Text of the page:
FROM THE MAGAZINE

Normani Wants You To Expect the Unexpected

“Motivation” positioned the solo artist as the future of bubblegum pop, but her debut album promises something for everyone.

Photographed by Breyona Holt

Normani wears her own clothing and jewelry.
Normani wears her own clothing and jewelry.

Normani erupted on the scene as a member of Fifth Harmony, the girl group formed on The X Factor in 2012. When she went solo and released her debut single “Motivation,” her musical stylings were considered a direct descendant of that of ‘90s and ‘00s pop icons Britney Spears, Janet Jackson, and Beyoncé. But if you talk to Normani, she’ll tell you she’s not always that saccharine. For W’s annual Music Issue, Normani hints at what you can expect from the sounds on her debut album, her ‘90s style influences, and more.

For six years, you were primarily known as a member of the pop girl group Fifth Harmony. But in 2018, you released “Love Lies,” a duet with Khalid, and the following year came “Motivation,” a chart-topping, upbeat single, with a music video filled with ’90s and ’00s pop references. How have you been preparing for your next project, out this summer?

Honestly, 2020 was a tough year for me, because my mom was diagnosed with breast cancer, and I couldn’t travel home to Houston because of Covid. But then I kind of had to shift my perspective and just know that finishing my album really helped her get through it, and helped me get through it.

What do your parents think of the new music you’ve been working on?

Oh my goodness. Honestly, I could put out trash, and my mom and dad would literally be like, “This is a hit, this is a smash, how dare y’all not love it the way we love it.” They swear they are my A&R.

How would you describe the sound of your next project?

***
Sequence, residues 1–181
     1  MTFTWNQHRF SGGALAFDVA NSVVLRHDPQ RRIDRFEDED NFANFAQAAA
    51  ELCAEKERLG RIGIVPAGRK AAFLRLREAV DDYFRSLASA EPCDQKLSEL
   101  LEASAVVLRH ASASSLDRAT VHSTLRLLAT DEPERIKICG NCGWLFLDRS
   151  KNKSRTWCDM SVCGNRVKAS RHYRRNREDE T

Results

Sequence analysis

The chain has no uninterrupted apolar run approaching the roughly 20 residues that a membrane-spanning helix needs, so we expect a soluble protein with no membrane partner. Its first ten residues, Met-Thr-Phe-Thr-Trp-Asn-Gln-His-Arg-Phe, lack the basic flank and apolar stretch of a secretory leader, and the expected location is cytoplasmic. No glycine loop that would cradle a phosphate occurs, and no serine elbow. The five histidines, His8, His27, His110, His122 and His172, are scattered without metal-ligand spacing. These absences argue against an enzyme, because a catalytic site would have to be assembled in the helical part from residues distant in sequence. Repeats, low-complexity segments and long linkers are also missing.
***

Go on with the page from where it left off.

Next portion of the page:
I naturally gravitate toward eerier, darker sounds. Sound selection is my favorite part of the production process, especially when you get in with a producer who is willing to break barriers. We just go in there and play by no rules. I come from a super pop girl group, but I grew up listening to ’90s R&B, which is pretty much what I still listen to every single day. There’s so much space in between, it gives me the opportunity to really play.

Will there be a darker visual aesthetic that goes along with that?

I’m not always as bubblegum as “Motivation” was, or as bubblegum as how people have perceived me to be from looking at that music video. So just imagine the flip side of that. It’s still going to be palatable for a wide audience. Nobody is going to feel left out.

Who are your style icons?

Rihanna, Victoria Beckham, Naomi Campbell, Aaliyah, and Toni Braxton.

Is there a place you haven’t been to but can’t wait to visit once it’s safe to travel?

I would love to go to Africa. To feel that connection to my lineage would be dope, and I think I have a big fan base out there, from what I see online. Educating myself on our history, it kind of just helps you get in tune with yourself and be more grounded in who you actually are.

Have you been reading any good books in between recording sessions?

I’m not even going to lie to you: not really. I’ve been super into my Bible. That’s probably what I read the most.